In the world of finance and investing, you’d be hard-pressed to find someone more infamous than Bernie Madoff. “Madoff defrauded thousands of investors out of tens of billions of dollars over the course of nearly two decades”, writes NPR’s Rachel Teisman.

Madoff was found guilty of eleven felony charges that included securities fraud, investment adviser fraud, mail fraud, wire fraud, three counts of money laundering, and more. When Madoff passed away at age 82, he was serving a 150-year sentence in federal prison.

In his recent book, “The Psychology of Money,” Morgan Housel uses Bernie Madoff as an example of what can happen when one can’t find a sense of enough.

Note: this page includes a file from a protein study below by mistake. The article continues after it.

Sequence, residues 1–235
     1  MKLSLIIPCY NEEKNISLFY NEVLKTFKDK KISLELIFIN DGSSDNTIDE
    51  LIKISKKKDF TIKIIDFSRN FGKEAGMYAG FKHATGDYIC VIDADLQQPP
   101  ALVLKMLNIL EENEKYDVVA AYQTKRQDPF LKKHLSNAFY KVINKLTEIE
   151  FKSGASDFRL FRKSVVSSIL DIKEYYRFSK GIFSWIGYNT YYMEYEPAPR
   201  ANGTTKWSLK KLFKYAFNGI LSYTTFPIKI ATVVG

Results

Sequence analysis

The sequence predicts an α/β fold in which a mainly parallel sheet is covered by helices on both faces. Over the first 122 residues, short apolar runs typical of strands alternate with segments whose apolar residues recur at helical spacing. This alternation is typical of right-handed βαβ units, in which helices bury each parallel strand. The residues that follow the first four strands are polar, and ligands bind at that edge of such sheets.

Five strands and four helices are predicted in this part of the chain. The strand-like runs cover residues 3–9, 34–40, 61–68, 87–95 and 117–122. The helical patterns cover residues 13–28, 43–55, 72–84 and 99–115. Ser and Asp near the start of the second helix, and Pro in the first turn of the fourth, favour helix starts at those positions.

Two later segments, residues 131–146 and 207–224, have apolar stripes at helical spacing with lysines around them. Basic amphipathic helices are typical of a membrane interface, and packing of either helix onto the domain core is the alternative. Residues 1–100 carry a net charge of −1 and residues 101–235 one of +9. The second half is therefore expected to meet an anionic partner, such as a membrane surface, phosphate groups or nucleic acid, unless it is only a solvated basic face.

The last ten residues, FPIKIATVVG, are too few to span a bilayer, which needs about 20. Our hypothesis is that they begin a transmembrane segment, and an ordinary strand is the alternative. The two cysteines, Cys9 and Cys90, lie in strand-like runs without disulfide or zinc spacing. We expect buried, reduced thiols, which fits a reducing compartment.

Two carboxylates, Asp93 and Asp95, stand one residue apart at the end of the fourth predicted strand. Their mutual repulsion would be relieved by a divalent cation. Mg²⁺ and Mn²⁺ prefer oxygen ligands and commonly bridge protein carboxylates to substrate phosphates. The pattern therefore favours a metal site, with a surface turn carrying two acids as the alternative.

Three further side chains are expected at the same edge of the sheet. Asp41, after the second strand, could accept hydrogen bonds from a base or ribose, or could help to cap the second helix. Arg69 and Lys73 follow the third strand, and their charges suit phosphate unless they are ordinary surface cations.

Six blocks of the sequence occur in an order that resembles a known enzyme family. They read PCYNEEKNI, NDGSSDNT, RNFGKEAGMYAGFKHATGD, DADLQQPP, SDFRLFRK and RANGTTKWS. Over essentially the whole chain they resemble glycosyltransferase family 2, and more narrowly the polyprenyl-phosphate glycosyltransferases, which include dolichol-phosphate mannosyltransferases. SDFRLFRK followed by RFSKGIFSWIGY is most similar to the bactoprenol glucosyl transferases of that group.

Housel writes, “Before the Ponzi Scheme that made Madoff famous, he was a wildly successful and legitimate businessman. Madoff was a market maker, a job that matches buyers and sellers of stocks. He was very good at it.”

Housel goes on, “A former staffer said the market-making arm of Madoff’s business made between $25 million and $50 million per year. Bernie Madoff’s legitimate, non-fraudulent business was by any measure a huge success. It made him hugely—and legitimately—wealthy.”

Madoff was already legitimately wealthy before his Ponzi Scheme, which naturally leaves one to wonder, why?

Housel offers a simple explanation: Madoff had no sense of enough.

No matter the level of wealth he achieved, he always wanted more. His ambition outpaced his achievements, which led him to create a fraudulent investment scheme,…

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